Only timidity stands in our way. The Australian government, to quote the Department of Foreign Affairs and Trade, strongly supports the development, on an unofficial basis, of economic and cultural relations with Taiwan including a range of two-way visits, state, territory and local government contacts, trade and investment opportunities and people to people links.’ Opinion polling suggests Australians broadly want to help Taiwan. They share similar democratic values with Taiwanese, and Australia is comparable to Taiwan in population and social and economic development. Conditions are in place for closer community and local government engagement between the two societies. What is missing is knowledge, familiarity, encouragement and effort. 

On the Taiwanese side, many non-government actors, such as foundations, think tanks, and social entrepreneurs, have shown a growing interest in engaging with their Australian counterparts. Taiwan’s think tanks have been quick to take advantage of their government’s New Southbound Policy, for example, to reach out to Australia.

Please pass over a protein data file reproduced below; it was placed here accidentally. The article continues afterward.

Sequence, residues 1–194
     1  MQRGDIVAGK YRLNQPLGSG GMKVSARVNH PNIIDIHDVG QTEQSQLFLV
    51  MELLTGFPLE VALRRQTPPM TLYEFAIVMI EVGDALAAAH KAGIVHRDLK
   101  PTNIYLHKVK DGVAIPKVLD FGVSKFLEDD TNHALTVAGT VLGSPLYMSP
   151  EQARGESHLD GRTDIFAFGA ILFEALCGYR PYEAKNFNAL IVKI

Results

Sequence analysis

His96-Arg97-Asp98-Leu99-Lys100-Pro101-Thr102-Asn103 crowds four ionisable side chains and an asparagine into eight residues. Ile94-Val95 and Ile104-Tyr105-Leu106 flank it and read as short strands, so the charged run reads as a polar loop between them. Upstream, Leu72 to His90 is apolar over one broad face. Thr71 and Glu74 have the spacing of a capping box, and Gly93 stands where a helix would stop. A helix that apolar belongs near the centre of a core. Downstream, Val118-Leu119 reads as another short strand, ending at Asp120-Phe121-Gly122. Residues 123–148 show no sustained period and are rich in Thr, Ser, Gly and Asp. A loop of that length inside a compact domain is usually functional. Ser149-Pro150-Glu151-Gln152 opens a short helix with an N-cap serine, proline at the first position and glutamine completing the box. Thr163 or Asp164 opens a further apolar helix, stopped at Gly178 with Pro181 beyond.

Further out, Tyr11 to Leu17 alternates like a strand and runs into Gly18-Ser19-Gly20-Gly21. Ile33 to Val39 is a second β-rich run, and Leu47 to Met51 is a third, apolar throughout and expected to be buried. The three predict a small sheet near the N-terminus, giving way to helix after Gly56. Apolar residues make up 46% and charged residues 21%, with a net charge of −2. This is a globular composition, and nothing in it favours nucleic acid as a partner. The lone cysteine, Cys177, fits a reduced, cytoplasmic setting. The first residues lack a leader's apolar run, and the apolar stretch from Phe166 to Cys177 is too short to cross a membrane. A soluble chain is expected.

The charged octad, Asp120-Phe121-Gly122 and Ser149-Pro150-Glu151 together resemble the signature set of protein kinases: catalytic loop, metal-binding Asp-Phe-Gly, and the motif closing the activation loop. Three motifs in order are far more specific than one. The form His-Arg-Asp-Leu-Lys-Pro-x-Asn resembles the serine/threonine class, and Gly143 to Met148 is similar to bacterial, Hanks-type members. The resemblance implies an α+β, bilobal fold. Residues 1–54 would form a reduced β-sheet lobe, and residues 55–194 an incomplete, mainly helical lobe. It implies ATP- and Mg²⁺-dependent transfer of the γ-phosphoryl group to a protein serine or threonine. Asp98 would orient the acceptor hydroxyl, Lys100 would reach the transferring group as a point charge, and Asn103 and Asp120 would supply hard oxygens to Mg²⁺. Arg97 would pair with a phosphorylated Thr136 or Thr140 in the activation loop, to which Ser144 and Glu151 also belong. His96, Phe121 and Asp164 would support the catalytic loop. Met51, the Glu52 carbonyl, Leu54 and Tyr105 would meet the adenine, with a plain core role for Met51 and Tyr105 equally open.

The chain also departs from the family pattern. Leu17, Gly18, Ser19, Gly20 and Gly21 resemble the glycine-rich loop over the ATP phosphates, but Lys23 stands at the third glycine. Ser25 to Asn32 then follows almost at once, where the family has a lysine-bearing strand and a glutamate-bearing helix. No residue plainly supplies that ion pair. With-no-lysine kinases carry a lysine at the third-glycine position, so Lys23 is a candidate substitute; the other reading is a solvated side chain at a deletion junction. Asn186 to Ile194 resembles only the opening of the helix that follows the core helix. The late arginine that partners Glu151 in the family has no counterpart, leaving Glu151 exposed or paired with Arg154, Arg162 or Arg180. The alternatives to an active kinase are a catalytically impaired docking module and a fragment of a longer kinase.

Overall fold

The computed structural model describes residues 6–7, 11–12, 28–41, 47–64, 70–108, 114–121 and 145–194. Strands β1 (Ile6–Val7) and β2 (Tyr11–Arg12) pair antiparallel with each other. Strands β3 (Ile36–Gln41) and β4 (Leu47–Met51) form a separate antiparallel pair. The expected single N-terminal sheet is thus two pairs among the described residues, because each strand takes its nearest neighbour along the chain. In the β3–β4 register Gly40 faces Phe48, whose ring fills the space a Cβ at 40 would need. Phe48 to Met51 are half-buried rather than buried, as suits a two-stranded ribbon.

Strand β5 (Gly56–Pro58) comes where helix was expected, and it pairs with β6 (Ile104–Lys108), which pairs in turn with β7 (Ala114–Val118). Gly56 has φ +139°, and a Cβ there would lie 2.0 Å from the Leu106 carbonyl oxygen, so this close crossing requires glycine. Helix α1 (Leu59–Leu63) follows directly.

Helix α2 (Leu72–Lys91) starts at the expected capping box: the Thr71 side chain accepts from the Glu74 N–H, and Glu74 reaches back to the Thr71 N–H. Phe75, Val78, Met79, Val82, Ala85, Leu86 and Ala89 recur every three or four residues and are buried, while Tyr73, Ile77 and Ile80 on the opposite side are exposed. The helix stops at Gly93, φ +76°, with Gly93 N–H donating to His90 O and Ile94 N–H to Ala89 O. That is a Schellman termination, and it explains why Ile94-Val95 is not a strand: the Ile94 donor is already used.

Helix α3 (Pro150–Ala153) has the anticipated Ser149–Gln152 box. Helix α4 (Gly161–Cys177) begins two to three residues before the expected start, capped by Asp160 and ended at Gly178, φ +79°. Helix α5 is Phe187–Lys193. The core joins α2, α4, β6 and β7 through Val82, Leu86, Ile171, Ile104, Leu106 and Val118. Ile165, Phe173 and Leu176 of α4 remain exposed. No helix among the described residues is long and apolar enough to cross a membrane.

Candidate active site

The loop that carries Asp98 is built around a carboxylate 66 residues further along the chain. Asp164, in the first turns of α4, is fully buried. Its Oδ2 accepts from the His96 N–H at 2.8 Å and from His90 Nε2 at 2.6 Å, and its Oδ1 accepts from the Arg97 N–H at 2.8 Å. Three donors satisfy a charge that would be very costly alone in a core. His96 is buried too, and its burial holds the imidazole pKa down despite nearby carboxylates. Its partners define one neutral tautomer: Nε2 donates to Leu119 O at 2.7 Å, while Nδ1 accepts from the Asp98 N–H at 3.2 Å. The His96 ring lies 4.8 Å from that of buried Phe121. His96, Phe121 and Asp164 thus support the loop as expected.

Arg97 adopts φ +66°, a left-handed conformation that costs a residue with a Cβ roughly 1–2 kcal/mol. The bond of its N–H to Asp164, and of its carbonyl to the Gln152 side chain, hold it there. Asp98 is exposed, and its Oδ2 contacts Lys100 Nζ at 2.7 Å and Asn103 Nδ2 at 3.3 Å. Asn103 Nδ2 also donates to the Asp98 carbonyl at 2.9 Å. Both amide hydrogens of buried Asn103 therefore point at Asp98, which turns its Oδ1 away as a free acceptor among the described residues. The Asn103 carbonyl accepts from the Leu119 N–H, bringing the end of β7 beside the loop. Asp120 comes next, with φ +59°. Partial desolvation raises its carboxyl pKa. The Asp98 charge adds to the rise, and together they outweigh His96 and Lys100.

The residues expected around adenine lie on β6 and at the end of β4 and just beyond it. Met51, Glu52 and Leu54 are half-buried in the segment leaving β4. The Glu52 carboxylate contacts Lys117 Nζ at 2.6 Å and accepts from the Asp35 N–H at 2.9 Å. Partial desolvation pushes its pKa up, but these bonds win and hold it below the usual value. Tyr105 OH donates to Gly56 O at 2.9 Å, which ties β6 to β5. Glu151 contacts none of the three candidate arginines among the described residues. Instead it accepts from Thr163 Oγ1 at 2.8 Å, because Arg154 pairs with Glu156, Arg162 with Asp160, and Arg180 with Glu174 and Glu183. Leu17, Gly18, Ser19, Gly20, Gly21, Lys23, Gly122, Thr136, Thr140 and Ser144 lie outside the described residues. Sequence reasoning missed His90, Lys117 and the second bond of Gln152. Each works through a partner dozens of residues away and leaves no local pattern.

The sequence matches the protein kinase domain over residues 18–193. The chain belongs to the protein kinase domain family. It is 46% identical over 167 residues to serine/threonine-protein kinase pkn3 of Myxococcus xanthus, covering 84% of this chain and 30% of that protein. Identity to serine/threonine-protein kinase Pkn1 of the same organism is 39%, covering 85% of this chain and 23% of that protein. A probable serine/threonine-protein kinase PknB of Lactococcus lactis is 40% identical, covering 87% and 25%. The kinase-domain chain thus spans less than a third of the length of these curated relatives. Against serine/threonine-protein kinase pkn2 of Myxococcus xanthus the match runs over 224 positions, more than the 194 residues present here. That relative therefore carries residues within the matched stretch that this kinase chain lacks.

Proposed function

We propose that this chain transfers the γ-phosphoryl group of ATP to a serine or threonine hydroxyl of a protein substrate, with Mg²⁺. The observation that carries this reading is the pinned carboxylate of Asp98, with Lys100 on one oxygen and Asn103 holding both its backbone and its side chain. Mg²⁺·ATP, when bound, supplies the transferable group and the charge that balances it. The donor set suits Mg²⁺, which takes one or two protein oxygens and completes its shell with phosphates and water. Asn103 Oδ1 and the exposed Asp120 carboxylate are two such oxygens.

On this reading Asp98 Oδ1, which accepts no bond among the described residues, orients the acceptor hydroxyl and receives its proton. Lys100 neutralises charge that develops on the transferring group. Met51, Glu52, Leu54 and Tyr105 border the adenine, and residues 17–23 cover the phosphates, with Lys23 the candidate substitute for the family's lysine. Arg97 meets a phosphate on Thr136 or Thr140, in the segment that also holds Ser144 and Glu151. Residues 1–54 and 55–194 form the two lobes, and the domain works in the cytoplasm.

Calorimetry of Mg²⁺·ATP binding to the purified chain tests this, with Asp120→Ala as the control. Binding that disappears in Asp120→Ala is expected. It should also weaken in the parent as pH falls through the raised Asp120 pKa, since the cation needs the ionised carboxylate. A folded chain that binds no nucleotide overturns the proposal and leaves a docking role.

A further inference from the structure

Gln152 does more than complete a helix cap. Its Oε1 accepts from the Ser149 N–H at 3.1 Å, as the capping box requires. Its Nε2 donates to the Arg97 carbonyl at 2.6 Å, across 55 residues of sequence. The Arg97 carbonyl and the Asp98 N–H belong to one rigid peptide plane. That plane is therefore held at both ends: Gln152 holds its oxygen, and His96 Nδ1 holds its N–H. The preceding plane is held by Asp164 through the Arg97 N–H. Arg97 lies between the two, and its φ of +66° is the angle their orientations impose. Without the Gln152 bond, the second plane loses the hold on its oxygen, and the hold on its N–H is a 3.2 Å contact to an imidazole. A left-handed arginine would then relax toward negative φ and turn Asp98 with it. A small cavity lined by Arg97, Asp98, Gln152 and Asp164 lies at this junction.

The Prospect Foundation and the Taiwan Asia Exchange Foundation (TAEF) routinely invite Australian political leaders and experts to participate in high-profile annual forums. Doublethink Lab, arguably the region’s most capable non-government body focussing on foreign government interference and cyber operations globally, covers the Australian experience of foreign interference closely. The publishing arms of Taiwan’s think-tanks provide good coverage of Australia, including the first major study of Australian relations with Taiwan to appear in print in many years, TAEF’s Taiwan and Australia: Advancing the Partnership of Four Decades.